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“If ever there was a time to be unreasonable, it’s now”

14 November 2018

Unreasonable Impact is an innovative partnership between Barclays and Unreasonable Group. The global programme helps scale high-growth ventures addressing key global challenges with the aim of creating the jobs of tomorrow.

At the Unreasonable Impact World Forum 2018, guests viewed presentations from 25 of the Unreasonable Impact companies seeking to change the future of energy, agriculture, supply chains and sustainable living.

Held at the Royal Institution of Great Britain – which Unreasonable Group Founder and CEO Daniel Epstein noted was set up to “explore new technologies and share them with the public” – the day introduced the next wave of disruptive companies offering the potential to reshape the future. The event, Epstein said, gave “a front row seat to understand what the future’s going to look like, and the future is closer than we think”.

We’ve curated some of the key talking points of the day:

1. “The pace of change now is almost uncomfortable”
Remarking that previous disruptive technologies would typically take 10 to 20 years to eclipse the market, Epstein said: “The S-curves of technology adoption are turning into straight lines.”

“If we want to bend the future,” he continued, “we have to be pathologically collaborative. Today, 47% of jobs that exist in the US will not exist by 2035. The intention of this partnership is to scale up companies that will create 500 jobs in the next five years and do so with sustainability at the heart of their profit models. Over the past two years we’ve worked with 71 companies, who’ve generated over US $2bn in revenues and finances, and so far created over 6,700 net new jobs and reached over 100 million customers.”

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2. “Why is Barclays involved with Unreasonable?”
Epstein stressed that the programme is tagged as “created with Barclays” to show the bank’s high level of involvement and commitment to tackling society’s biggest challenges.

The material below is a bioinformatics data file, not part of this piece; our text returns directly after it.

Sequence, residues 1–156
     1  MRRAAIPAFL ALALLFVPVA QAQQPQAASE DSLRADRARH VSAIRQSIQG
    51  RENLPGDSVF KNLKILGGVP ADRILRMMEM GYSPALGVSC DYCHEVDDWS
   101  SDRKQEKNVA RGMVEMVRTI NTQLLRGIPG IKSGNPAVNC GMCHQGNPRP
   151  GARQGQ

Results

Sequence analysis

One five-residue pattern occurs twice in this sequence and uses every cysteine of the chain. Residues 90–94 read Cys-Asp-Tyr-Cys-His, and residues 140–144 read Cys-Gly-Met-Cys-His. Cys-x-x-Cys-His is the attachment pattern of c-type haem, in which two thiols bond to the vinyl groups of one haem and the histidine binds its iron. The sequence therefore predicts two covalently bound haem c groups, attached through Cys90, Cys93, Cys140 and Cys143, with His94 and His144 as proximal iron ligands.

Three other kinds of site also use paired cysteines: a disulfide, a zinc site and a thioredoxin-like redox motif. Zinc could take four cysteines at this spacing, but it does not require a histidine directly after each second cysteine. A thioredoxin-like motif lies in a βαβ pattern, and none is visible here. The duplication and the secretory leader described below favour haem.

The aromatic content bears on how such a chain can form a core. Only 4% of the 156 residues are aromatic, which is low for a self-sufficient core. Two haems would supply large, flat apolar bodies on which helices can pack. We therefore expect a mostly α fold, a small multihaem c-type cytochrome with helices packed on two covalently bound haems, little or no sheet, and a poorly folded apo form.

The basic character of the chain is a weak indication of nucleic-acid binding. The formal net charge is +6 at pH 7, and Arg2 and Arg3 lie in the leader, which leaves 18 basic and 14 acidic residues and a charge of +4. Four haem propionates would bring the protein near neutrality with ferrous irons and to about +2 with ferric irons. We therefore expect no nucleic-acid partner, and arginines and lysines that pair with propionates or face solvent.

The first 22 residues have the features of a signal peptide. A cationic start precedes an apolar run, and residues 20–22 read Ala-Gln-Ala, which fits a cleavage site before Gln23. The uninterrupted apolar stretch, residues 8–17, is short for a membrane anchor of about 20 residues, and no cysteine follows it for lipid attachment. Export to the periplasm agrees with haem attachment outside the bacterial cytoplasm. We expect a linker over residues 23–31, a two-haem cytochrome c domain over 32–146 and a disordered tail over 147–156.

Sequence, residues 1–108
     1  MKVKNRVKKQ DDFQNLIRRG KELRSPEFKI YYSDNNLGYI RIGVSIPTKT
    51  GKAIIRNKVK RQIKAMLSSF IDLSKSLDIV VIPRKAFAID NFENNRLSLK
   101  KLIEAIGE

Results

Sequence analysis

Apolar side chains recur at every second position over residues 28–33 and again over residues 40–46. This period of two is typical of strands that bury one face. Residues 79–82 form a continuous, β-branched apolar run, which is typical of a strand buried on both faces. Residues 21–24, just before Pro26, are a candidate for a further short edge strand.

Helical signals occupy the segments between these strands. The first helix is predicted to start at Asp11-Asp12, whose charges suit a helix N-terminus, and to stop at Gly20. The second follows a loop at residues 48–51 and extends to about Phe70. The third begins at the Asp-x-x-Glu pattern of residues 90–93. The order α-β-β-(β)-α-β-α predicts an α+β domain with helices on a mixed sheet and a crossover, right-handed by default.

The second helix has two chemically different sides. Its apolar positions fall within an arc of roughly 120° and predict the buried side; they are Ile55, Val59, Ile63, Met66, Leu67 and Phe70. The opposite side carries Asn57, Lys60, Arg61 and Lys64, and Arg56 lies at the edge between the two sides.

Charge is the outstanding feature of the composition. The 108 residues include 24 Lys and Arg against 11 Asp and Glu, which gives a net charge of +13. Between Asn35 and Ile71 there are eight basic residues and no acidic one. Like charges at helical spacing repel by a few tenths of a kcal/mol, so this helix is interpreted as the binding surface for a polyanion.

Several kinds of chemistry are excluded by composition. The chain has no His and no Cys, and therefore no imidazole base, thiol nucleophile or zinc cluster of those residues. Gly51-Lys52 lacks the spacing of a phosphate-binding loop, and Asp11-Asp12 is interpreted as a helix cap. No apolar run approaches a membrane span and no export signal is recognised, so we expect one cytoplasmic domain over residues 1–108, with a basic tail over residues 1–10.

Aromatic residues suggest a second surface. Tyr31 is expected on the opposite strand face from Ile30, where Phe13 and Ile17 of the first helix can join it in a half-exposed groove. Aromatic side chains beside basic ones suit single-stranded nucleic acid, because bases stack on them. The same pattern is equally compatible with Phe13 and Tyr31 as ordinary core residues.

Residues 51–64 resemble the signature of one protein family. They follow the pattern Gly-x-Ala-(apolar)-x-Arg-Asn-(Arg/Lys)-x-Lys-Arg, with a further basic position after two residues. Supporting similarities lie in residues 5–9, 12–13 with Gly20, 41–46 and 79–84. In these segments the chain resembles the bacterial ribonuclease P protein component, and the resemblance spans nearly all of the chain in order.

Joe McGrath, Barclays’ Global Head of Banking, said: “If you think about it from a broad perspective, what we do with our clients every day is try to help them scale and grow. Through our partnership with Unreasonable, we are able to work with companies who are not only scaling but who are also focused on solving some of today’s most complex societal issues. Helping these companies is truly impactful for us at the firm. As well as meeting their social obligations, we get to benefit from these companies creating jobs.”

3. “Don’t mention electric cars, people will think you’re crazy”
The 25 companies involved in this year’s Unreasonable Impact World Forum had under four minutes each to deliver lightning talks to an audience of business leaders, bankers, investors and fellow entrepreneurs. Ben Todd, Founder and CEO of Arcola Energy, concentrated on hydrogen and fuel cell technology that can allow buses to travel 200 miles on zero emissions, with the potential to move into clean energy for trucks, trains and ships.

Speaking for many innovators looking at the pace of change, he said: “Why did it take so long to realise electric cars were so good? I was talking at an investment round three years ago and people were saying ‘don’t mention electric cars, people will think you’re crazy.’”

Things change fast and, as Jacqueline Novogratz, Founder and CEO of impact-focused patient capital fund Acumen and the day’s keynote speaker said: “If ever there was a time to be unreasonable, it’s now.”

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4. “Wherever there is air, there will be healthy drinking water”
Johnny Ip, Vice President and Chief Information Officer of Chinese company Heaven Springs Dynasty Harvest Group, told the crowd that in 2025, 5.3 billion people will face severe water scarcity. Currently just 1% of water from the air is used, but Ip’s product, which is already the basis for an exciting company, can extract drinking water from humidity. Particularly useful in high-humidity or desert areas, industrial and ‘smart building’ versions of the appliance are planned, while Ip produces “30 litres of clean water a day just from the humidity in my apartment.”

5. “Every day’s a school day”
Giving the event’s closing speech, James Todd, Barclays’ Head of UK Domestic Private Bank, said: “I love this event. I sit in open-mouthed awe at the energy and talent on display, and the sense of good being done for all our sakes.”

Listing his highlights from the day, Todd mentioned a raft of ideas that seemed straight out of science fiction, but could be on course to help solve the global sustainability crisis. “You can flat pack a house. Rice husks can help kids do their homework. You can shave using a yoghurt pot.”

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6. “Equity investors by definition are optimists”

Having a great idea is one thing, getting funding for that idea to get to scale is another. On a panel titled ‘Understanding the barriers to scale’, Brian Reilly, Barclays Global Head of Equity Capital Markets, gave his insights into successfully raising capital: “What do those companies look like? They have management teams that can articulate a strategic vision and can answer these things: What is the problem I’m trying to solve, and the opportunity I’m trying to capitalise on? How am I going to do it? How am I doing it better than anyone else?”

“Equity investors by definition are optimists,” Reilly told the gathered entrepreneurs.

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